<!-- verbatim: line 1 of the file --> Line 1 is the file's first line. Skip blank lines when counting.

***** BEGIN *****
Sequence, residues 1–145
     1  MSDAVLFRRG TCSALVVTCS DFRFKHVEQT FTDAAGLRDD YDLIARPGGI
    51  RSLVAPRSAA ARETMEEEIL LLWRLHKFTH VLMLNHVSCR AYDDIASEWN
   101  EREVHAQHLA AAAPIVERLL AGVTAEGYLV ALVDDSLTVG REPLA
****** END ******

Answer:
Sequence, residues 1–145